Let’s start by covering the basics. Most of us know by now that marijuana is a plant that occurs naturally. It is actually a plant known as cannabis. As is the case with most plants, cannabis can come in a couple of different types. The two main types of cannabis are Cannabis sativa and Cannabis sativa L.
Cannabis sativa L is the non-psychotropic, or non-mind altering, type. It is most commonly used in the materials industry. It can be used to produce oils, materials for clothes, rope, and much more. It’s commonly referred to as hemp. More now than ever before, it can also be found within a variety of beauty products like lotions and shampoos. Some crafting kits even boast the inclusion of hemp string for friendship bracelets.
Part of this major uptick in the use of hemp is due to its small environmental impact compared to most synthetic materials. This actually is part of what draws people to using marijuana as well for things like anxiety or pain instead of pharmaceutical options.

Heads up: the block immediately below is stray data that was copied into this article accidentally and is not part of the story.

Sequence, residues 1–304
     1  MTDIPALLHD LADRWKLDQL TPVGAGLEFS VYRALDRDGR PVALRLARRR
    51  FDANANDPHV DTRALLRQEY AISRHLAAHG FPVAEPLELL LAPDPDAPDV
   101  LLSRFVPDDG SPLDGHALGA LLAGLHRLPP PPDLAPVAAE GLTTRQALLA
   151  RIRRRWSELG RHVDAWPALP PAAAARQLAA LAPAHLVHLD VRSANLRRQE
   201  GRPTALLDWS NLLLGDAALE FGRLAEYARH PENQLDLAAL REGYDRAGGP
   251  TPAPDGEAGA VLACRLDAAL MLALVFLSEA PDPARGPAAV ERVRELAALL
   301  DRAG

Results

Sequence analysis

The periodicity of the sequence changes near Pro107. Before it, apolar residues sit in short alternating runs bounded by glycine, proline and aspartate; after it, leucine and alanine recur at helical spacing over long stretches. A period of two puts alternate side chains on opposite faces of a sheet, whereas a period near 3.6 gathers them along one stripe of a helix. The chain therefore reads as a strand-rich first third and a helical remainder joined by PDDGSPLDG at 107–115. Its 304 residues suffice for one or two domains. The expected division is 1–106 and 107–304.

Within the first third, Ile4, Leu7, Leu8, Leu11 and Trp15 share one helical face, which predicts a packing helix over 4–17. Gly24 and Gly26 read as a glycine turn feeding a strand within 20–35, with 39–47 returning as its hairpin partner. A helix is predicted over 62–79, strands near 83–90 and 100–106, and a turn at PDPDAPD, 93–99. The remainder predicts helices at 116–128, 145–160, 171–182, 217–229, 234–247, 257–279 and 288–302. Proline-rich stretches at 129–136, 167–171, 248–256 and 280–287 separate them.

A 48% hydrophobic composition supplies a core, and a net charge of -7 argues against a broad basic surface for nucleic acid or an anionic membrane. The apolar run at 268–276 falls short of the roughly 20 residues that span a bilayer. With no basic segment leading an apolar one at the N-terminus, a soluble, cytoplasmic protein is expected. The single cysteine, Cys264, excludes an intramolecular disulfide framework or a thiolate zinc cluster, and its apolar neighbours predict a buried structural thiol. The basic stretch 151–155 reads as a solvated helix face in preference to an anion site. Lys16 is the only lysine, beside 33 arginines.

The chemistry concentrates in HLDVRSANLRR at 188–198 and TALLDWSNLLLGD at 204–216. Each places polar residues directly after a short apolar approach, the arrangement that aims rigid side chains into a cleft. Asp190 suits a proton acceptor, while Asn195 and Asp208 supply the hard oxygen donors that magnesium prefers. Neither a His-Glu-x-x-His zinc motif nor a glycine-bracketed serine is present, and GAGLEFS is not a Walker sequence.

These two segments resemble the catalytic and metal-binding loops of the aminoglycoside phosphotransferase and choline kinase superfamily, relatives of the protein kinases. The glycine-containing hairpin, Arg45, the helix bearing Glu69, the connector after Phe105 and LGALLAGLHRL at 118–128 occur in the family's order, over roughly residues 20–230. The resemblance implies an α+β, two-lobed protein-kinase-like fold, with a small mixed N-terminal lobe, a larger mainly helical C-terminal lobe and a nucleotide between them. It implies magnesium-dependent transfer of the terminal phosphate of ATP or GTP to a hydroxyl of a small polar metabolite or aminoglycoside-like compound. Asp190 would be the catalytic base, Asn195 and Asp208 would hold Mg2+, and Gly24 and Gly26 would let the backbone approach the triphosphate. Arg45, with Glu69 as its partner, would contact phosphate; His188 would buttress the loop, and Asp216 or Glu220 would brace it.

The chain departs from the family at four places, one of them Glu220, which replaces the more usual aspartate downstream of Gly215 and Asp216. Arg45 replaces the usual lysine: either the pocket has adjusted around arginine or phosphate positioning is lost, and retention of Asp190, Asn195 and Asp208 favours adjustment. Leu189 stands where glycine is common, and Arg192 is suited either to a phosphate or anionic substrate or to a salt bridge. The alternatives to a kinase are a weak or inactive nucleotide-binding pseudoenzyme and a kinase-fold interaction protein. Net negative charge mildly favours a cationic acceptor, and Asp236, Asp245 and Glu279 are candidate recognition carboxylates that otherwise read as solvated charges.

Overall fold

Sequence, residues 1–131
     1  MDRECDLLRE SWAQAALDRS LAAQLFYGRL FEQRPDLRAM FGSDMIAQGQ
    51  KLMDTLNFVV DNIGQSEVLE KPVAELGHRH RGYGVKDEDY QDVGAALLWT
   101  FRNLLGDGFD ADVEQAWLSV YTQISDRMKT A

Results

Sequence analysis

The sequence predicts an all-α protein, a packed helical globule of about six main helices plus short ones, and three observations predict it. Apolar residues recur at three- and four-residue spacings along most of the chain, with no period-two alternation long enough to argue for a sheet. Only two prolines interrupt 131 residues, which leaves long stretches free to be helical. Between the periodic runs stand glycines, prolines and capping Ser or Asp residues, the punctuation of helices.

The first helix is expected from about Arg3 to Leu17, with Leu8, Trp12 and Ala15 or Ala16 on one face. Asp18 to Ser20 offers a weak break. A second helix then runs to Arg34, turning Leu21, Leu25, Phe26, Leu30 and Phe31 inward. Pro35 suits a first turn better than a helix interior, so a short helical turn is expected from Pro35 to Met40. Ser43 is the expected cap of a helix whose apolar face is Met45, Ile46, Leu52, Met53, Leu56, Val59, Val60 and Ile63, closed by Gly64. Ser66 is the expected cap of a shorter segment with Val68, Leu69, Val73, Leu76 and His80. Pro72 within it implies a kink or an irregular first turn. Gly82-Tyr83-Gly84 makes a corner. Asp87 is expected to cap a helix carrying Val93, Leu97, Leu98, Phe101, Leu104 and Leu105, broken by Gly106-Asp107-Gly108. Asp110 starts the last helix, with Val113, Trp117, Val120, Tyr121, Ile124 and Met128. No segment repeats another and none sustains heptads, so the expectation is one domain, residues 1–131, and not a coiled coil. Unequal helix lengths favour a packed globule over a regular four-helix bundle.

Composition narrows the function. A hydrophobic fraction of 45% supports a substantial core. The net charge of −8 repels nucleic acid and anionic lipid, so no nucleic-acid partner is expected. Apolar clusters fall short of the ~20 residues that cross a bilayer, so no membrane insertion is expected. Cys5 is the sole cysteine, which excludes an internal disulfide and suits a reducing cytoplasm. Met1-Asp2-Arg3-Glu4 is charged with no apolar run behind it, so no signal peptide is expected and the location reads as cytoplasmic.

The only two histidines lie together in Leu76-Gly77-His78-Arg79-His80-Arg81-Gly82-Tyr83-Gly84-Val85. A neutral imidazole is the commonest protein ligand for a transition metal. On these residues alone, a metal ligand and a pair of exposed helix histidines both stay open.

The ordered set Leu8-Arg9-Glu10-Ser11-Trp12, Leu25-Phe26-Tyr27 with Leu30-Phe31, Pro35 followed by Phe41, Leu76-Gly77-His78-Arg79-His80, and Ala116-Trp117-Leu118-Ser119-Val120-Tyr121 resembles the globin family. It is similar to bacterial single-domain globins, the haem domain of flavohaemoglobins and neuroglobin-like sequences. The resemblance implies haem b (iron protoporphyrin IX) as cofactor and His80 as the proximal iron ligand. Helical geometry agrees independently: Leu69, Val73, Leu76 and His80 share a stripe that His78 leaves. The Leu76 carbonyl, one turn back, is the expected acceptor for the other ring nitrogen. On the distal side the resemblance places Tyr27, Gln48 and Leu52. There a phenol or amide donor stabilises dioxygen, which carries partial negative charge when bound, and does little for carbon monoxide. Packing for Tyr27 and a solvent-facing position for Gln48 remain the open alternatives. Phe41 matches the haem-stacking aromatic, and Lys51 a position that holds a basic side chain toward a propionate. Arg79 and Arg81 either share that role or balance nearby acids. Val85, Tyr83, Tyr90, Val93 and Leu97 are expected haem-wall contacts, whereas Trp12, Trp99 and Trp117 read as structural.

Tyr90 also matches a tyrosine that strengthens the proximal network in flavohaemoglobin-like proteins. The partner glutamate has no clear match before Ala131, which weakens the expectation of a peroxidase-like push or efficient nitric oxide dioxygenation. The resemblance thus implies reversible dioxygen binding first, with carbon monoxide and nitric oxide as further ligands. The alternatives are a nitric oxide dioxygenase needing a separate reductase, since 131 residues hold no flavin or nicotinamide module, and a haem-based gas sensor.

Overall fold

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Cannabis sativa is the strain that makes up what is commonly known as marijuana. Other names for this include:
Currently, marijuana is the leading most used illegal (remember, it is still illegal at the federal level in the United States) drug. Studies by the Centers for Disease Control (CDC) show that about 22.2 million people use it each month.
It is made up of seeds, stems, roots, and other plant materials that range from green to purple in color. It is lauded for its psychoactive properties and medicinal value. These are directly related to its active ingredient, THC.
An active ingredient is an ingredient that is responsible for the active effects of a substance. For marijuana, it is known as THC, as we said before. THC stands for delta-9 tetrahydrocannabinol. This is also the chemical that your brain will slowly develop a tolerance for over time with prolonged use of marijuana.
However, this type of marijuana isn’t the only kind that people are using.
Synthetic Alternatives To Marijuana Are More Dangerous To The Brain Than We Realize